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Best Questions to Ask Your Interviewer

We’ve all been there – at the end of an interview, when your interviewer wraps up and then asks, “do you have any questions for me?” You may feel comfortable with the knowledge and information they’ve given you, but don’t say no! Now is your time to ask some more questions about the company or role to give you more insight into how they work, as well as show your interviewers that you are interested in the position and want to know more about them. Here are a few examples of questions you can ask:

1. Questions About the Company

By asking questions about the company, you can gain more insight into how it operates and how it treats its employees. Here are a few questions that will help you do that:

- What qualities do successful employees typically have here?

This question will allow you to understand what it takes to succeed in the company, and what higher-ups generally look for when promoting internally.

- What do you like most about working here?

By asking this, you can build a little bit more rapport with your interviewer, as well as gain some valuable insight into what you can expect from the company if offered a job.

- How would you describe the company culture?

Company culture is an important part of accepting a new job – you want to make sure the company aligns with your own personal management style, goals, expectations, and communication styles – so this is good information to know.

- (If speaking to the person you would be reporting to) How would you describe your management style?

If you’re talking to the person you’ll be working under, it’s a good idea to make sure that their management style aligns with your work style. If you work better under a more hands-off approach, your work satisfaction may suffer if you have a manager who is more hands-on.

- I noticed some poor reviews from previous employees. Have you done anything to remedy the issues they brought up?

Before your interview, as you are researching the company, be sure to check sites like Indeed and Glassdoor for reviews from previous employees. If you see any reviews that point to specific issues, ask your interviewers if they’re working to resolve any issues in their management or policies. If they aren’t, that may be a red flag and you may want to look elsewhere for your next position!

2. Questions About the Role

These are important questions to consider, since you want to know what exactly you’ll be doing if you get the job!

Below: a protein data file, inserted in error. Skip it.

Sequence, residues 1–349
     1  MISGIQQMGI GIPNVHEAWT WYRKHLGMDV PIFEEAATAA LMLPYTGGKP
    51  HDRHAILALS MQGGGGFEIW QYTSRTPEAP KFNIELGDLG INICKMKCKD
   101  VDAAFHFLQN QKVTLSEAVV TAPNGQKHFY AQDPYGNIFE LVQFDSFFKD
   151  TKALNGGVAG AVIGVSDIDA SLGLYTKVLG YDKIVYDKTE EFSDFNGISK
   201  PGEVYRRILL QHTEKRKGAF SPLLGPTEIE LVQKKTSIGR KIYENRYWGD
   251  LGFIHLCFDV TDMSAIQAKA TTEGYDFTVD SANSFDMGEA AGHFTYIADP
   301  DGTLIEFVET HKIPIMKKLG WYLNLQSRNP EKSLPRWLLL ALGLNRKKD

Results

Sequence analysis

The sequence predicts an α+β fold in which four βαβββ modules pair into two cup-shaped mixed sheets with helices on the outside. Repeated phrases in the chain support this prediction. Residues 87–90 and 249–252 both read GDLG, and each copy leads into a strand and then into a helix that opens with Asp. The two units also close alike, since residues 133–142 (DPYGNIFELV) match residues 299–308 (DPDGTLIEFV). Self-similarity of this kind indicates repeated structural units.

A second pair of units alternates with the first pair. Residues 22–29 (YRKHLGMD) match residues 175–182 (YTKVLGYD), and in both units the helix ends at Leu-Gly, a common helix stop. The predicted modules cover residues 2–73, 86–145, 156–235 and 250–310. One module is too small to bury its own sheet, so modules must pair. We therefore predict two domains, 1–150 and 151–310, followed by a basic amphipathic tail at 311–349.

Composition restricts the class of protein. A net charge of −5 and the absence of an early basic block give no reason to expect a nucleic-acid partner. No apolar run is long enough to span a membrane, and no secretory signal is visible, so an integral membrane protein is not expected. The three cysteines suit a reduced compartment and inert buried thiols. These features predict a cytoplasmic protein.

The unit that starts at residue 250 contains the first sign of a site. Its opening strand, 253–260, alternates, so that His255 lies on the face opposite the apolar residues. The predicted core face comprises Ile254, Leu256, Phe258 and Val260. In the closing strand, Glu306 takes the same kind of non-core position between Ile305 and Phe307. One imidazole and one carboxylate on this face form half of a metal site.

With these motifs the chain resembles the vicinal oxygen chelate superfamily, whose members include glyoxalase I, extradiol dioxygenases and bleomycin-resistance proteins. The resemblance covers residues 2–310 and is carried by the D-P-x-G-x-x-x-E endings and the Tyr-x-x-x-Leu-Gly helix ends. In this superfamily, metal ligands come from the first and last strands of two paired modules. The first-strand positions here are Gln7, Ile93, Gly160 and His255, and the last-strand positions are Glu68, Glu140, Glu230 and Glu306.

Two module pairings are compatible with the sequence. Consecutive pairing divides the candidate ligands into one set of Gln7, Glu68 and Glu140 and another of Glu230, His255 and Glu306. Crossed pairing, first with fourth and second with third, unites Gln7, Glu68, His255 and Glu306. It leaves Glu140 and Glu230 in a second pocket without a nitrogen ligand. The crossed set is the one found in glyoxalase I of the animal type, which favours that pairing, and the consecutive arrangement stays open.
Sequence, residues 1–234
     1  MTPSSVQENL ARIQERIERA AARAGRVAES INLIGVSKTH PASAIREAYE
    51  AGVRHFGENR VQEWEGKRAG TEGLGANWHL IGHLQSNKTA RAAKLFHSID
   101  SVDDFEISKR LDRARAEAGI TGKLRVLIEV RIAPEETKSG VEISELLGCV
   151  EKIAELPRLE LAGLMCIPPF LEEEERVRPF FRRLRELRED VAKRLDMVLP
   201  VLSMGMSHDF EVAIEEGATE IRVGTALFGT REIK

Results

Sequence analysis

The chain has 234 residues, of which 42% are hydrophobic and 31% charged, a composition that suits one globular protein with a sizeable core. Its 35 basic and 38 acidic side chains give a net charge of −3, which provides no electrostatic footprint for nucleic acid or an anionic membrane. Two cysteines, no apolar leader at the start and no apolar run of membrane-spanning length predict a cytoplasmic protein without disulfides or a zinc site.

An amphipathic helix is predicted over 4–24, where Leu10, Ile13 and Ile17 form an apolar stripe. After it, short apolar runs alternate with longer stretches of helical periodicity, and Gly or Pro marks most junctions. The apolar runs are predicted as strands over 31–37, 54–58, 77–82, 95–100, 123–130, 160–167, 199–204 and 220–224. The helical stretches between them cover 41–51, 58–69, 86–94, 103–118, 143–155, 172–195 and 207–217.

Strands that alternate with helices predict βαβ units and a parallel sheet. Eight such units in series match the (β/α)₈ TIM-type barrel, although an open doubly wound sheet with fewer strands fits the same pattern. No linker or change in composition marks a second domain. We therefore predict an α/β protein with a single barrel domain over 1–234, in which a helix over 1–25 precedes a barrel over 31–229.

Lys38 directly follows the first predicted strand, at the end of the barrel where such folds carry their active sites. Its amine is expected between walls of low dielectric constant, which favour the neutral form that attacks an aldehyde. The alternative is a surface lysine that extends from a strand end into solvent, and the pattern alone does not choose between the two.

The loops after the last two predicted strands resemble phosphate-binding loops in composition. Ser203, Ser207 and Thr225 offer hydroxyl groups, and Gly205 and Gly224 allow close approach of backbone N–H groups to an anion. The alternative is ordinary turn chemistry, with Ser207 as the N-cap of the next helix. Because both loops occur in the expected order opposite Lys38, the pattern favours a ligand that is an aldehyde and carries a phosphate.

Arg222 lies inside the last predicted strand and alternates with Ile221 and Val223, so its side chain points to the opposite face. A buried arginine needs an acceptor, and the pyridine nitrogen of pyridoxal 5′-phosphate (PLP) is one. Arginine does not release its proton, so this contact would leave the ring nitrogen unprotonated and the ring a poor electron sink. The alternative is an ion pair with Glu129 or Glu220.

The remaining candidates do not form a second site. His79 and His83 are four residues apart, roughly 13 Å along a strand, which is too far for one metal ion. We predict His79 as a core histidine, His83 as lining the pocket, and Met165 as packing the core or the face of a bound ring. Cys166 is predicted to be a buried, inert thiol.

- What does an average day look like in this role?

This is a good way to find out what your daily duties will consist of, and if the position is running like a well-oiled machine. They may have a strict schedule, or no schedule at all, so it’s good to know what you’re getting into!

- What is the most challenging part of this role?

This will be a great way to gauge the struggles that previous employees have had in this role and give you the opportunity to decide if you’re up to the challenges before accepting the position.

- Is this role new, or would I be replacing a previous employee?

In some cases, the interviewers may be looking for someone to create an entirely new role at their company, which means all the job details might not be fleshed out until you start work. It’s an important thing to know before you accept a position!

- Do you have any concerns about me as an employee?

This will allow you to talk through any issues the interviewers may have with you as an applicant and give you insight into how well you’ve done during the process. If they have any concerns about answers you shared, it will provide you an opportunity to clarify them.

3. Questions About Next Steps

Asking questions about the next steps in the process will show your interviewers that you are interested in moving forward with them, and that you’re confident about your performance thus far.

- What are the next steps in the process?

Short and to the point!

- Would you like me to provide anything else to help in the decision-making process?

This will allow your interviewers to ask for extra information that they may have forgotten about, or which they generally ask for a bit further along in the process. This may be a certificate you’ve earned, a portfolio, or additional information about you.

- Are there any other aspects of the job that you couldn’t cover?

If something didn’t get brought up during the initial interview, this will allow your interviewer to provide any of that miscellaneous information that may be helpful in your decision to work for them.

Happy interviewing! And if you need more interview tips, you can find them here.


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